BEAR CREEK TWP. - Ross Piazza had one thought as he watched the 28 pheasant chicks fly out of a rearing pen into the expansive fields and undergrowth near Francis Walter Dam.
He hopes they come back.
Piazza, who formed the conservation group Pheasants Afield, believes the game birds can be imprinted to the location in which they’re raised. If true, Piazza said pen-raised pheasants can be released into areas with suitable habitat and stay there, as long as that’s where the birds grew up.
That way, he said, pen-raised pheasants can be imprinted to stay in areas with suitable habitat and afford more opportunities for hunters and, possibly, establish their own populations in such areas.
The approach is similar to the Pennsylvania Game Commission’s Wild Pheasant Recovery Areas, except Piazza is focusing on places with smaller pockets of pheasant habitat instead of the wide expanses of grasslands that can hold hundreds of wild birds.
“Down in places like Washingtonville, you have thousands of acres of grass. Here, we don’t,” Piazza said. “We want to get something in the areas where you may have several hundred acres, but pheasants can still survive and nest on their own.”
Piazza has studied the imprinting theory for three years and has conducted field tests using a Surrogator — a self-contained unit used to raise pheasant chicks with minimal human interaction. Piazza said the Surrogator, which is manufactured by Wildlife Management Technologies, is placed in an area with suitable pheasant habitat and the birds are put inside with they are a day old, then released in four to five weeks. The unit has an automatic watering system, feeders and a heat source so the pheasant chicks can grow without being accustomed to humans.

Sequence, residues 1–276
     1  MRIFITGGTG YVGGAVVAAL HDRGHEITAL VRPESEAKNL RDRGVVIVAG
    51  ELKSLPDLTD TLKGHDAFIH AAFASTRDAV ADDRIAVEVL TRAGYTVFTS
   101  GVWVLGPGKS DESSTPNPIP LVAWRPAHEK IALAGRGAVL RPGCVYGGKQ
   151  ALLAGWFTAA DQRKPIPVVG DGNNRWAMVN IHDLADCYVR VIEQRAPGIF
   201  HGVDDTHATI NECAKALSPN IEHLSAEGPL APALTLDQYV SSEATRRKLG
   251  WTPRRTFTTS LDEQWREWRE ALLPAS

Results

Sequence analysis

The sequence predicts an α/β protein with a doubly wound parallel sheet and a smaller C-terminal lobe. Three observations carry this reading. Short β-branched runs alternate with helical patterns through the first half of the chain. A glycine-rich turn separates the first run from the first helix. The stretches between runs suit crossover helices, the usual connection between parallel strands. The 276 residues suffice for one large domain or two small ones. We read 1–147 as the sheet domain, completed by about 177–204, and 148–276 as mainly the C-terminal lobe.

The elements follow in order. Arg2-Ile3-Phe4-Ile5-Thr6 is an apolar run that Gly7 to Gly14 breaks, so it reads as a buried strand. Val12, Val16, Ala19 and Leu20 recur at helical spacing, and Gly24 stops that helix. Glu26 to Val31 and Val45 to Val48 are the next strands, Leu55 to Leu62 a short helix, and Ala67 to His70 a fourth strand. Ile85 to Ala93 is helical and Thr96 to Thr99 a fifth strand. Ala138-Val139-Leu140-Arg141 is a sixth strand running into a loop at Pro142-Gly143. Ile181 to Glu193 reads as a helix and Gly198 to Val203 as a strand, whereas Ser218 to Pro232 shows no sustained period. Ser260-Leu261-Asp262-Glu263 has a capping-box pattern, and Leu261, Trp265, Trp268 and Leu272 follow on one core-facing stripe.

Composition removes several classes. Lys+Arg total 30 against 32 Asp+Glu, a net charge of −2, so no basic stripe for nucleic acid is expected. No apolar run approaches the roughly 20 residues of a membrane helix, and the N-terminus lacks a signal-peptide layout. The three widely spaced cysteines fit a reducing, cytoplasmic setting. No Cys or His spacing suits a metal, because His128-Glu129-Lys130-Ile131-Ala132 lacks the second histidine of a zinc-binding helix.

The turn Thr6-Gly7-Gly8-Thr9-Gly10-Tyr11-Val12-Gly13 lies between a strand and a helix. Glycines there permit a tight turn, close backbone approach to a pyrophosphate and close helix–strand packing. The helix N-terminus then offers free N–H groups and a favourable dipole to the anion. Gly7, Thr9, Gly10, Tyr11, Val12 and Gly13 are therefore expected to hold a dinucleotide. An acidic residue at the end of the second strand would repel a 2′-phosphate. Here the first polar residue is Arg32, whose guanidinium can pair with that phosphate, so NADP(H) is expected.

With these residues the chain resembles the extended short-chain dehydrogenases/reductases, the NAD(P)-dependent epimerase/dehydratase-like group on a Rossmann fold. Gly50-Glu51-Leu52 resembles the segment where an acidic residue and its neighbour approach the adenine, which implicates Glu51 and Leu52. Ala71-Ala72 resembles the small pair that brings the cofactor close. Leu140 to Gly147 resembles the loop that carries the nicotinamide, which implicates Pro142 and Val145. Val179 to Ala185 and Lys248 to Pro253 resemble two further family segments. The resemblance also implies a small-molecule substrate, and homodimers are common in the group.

And they also become imprinted to the area where the Surrogator is placed, which Piazza said is the key.
“Imprinting to a place. The first four to five weeks of their lives are when the birds will imprint to the place they live,” Piazza said. “Our hope is that when these birds are flushed into areas away from here without good habitat, they’ll come back.”
The Surrogator is checked daily by U.S. Army Corps of Engineers staff from the dam to make sure the birds have adequate food, water and heat. The daily check is brief, Piazza said, and the birds aren’t handled. The unit was placed on Corps property across from the entrance to the dam, which is also open to public hunting.
The first year birds were released from the Surrogator, Piazza said they had to travel across an open field to find water, making them susceptible to predation. That was two years ago, and Piazza said none of the pheasants could be located in the weeks following their release, but none were found dead either.
“We don’t know what happened to them but it’s encouraging that we didn’t find any dead ones,” he said.
This year, the Surrogator was moved to a different location with a nearby water source, and the 28 pheasants that were released Monday will be monitored by Pheasants Afield members and Corps staff from the dam working in the area. Another batch of day-old pheasant chicks will be raised in the Surrogator this summer and they will be fitted with leg bands with a phone number to call.
Still, Piazza admitted there is only one sure-fire way to find out if the pheasants are staying near the place where they were released.
“The only way we’ll really get a handle on it is through telemetry,” he said.
The cost for telemetry equipment and transmitters for 10 birds is between $3,000 and $4,000, according to Piazza, and Pheasants Afield is applying for its non-profit status so it can seek grant money for the study.
“Pen-raised birds don’t survive or nest well, but there haven’t been a lot of studies on imprinting to a place,” Piazza said. “When birds are released during hunting season, they’re pressured immediately and will fly 300 to 400 yards when flushed. They have no reason to come back, unless they are imprinted to a certain area.
“Keeping the birds in suitable habitat is the key.”